When a drop falls from a moderate height into a shallow pool, its impact creates a complicated pattern. The photo above is a composite image showing a top-down view 100 ms after such an impact. On the left side, the flow is visualized using dye whereas the right shows a schlieren photograph, in which contrast indicates variations in density. Both methods show the same general structure - an inner vortex ring generated at the edge of the impact crater and formed mostly of drop fluid and an outer vortex ring, consisting primarily of pool fluid, formed by the spreading wave. Both regions show signs of instability and breakdown. (Photo credit: A. Wilkens et al.)
here is a tribe in Africa where the birth date of a child is counted not from when they were born, nor from when they are conceived but from the day that the child was a thought in its mother’s mind. And when a woman decides that she will have a child, she goes off and sits under a tree, by herself, and she listens until she can hear the song of the child that wants to come. And after she’s heard the song of this child, she comes back to the man who will be the child’s father, and teaches it to him. And then, when they make love to physically conceive the child, some of that time they sing the song of the child, as a way to invite it.
And then, when the mother is pregnant, the mother teaches that child’s song to the midwives and the old women of the village, so that when the child is born, the old women and the people around her sing the child’s song to welcome it. And then, as the child grows up, the other villagers are taught the child’s song. If the child falls, or hurts its knee, someone picks it up and sings its song to it. Or perhaps the child does something wonderful, or goes through the rites of puberty, then as a way of honoring this person, the people of the village sing his or her song.
In the African tribe there is one other occasion upon which the villagers sing to the child. If at any time during his or her life, the person commits a crime or aberrant social act, the individual is called to the center of the village and the people in the community form a circle around them. Then they sing their song to them.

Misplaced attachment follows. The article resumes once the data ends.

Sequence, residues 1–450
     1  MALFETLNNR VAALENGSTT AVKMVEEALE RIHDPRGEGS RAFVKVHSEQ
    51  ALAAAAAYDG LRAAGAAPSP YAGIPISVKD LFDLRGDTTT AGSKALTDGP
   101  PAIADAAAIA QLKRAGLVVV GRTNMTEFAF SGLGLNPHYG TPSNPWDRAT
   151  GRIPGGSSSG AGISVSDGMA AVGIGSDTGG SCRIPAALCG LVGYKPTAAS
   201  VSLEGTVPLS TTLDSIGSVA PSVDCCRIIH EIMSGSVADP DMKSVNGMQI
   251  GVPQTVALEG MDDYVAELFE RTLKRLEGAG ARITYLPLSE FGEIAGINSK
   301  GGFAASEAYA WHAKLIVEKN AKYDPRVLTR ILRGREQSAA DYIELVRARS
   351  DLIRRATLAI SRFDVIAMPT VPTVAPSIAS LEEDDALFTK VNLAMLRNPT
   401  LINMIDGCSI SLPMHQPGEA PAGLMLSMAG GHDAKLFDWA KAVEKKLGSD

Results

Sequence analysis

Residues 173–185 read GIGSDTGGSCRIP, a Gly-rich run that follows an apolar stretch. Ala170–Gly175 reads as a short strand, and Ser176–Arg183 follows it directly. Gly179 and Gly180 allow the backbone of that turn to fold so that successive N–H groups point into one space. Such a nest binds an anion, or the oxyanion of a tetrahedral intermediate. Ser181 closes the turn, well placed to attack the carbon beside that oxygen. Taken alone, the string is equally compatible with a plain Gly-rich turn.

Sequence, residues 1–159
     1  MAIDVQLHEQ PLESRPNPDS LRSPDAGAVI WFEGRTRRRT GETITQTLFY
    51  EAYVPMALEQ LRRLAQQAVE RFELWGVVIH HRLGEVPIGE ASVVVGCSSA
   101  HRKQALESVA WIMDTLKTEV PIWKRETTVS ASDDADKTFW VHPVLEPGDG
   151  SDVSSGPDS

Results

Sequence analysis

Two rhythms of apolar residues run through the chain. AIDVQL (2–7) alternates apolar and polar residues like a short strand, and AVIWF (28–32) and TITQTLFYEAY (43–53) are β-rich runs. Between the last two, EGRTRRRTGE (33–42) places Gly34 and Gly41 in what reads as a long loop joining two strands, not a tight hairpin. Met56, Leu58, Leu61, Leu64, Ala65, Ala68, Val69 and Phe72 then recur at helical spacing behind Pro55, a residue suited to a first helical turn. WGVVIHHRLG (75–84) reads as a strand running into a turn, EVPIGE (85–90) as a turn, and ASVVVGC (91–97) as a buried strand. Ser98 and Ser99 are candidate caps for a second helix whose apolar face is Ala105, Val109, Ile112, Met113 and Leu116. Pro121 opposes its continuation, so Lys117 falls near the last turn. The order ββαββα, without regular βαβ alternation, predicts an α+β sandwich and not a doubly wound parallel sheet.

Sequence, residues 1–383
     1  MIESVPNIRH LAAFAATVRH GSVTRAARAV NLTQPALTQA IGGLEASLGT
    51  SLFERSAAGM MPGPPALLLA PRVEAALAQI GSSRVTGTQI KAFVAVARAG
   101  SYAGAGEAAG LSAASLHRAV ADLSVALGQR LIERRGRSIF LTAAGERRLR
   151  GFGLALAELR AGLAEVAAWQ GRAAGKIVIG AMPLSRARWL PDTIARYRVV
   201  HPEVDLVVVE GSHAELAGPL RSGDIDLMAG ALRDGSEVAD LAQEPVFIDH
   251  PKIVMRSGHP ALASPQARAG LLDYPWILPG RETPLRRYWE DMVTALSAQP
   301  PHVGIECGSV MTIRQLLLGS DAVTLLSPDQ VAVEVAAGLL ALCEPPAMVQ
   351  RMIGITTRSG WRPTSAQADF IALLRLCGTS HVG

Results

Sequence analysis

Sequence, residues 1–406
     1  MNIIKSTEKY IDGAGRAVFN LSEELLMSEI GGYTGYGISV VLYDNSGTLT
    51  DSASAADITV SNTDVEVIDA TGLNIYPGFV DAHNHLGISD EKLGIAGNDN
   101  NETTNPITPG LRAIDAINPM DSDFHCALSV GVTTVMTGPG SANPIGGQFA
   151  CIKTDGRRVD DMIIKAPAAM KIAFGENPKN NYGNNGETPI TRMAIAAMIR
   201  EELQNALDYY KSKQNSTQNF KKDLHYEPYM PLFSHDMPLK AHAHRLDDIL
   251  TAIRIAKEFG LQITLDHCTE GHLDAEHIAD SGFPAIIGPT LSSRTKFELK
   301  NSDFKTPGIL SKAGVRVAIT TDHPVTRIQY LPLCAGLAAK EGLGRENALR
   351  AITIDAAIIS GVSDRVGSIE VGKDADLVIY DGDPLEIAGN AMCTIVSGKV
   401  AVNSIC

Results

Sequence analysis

The tribe recognizes that the correction for antisocial behavior is not punishment; it is love and the remembrance of identity. When you recognize your own song, you have no desire or need to do anything that would hurt another.
And it goes this way through their life. In marriage, the songs are sung, together. And finally, when this child is lying in bed, ready to die, all the villagers know his or her song, and they sing—for the last time—the song to that person.
You may not have grown up in an African tribe that sings your song to you at crucial life transitions, but life is always reminding you when you are in tune with yourself and when you are not. When you feel good, what you are doing matches your song, and when you feel awful, it doesn’t. In the end, we shall all recognize our song and sing it well. You may feel a little warbly at the moment, but so have all the great singers. Just keep singing and you’ll find your way home.
This is so sweet.
Face To Face
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Steam rises from the heated pad below a GEnx engine, following a nighttime ice test at GE Aviation in Winnipeg, Canada. Temperatures were around -20 degrees F.
Three smartphones destined to become low-cost satellites rode to space Sunday aboard the maiden flight of Orbital Science Corp.’s Antares rocket from NASA’s Wallops Island Flight Facility in Virginia.
The trio of “PhoneSats” is operating in orbit, and may prove to be the lowest-cost satellites ever flown in space. The goal of NASA’s PhoneSat mission is to determine whether a consumer-grade smartphone can be used as the main flight avionics of a capable, yet very inexpensive, satellite.
Transmissions from all three PhoneSats have been received at multiple ground stations on Earth, indicating they are operating normally. The PhoneSat team at the Ames Research Center in Moffett Field, Calif., will continue to monitor the satellites in the coming days. The satellites are expected to remain in orbit for as long as two weeks.
NASA engineers kept the total cost of the components for the three prototype satellites in the PhoneSat project between $3,500 and $7,000 by using primarily commercial hardware and keeping the design and mission objectives to a minimum. The hardware for this mission is the Google-HTC Nexus One smartphone running the Android operating system.
We could have had it all.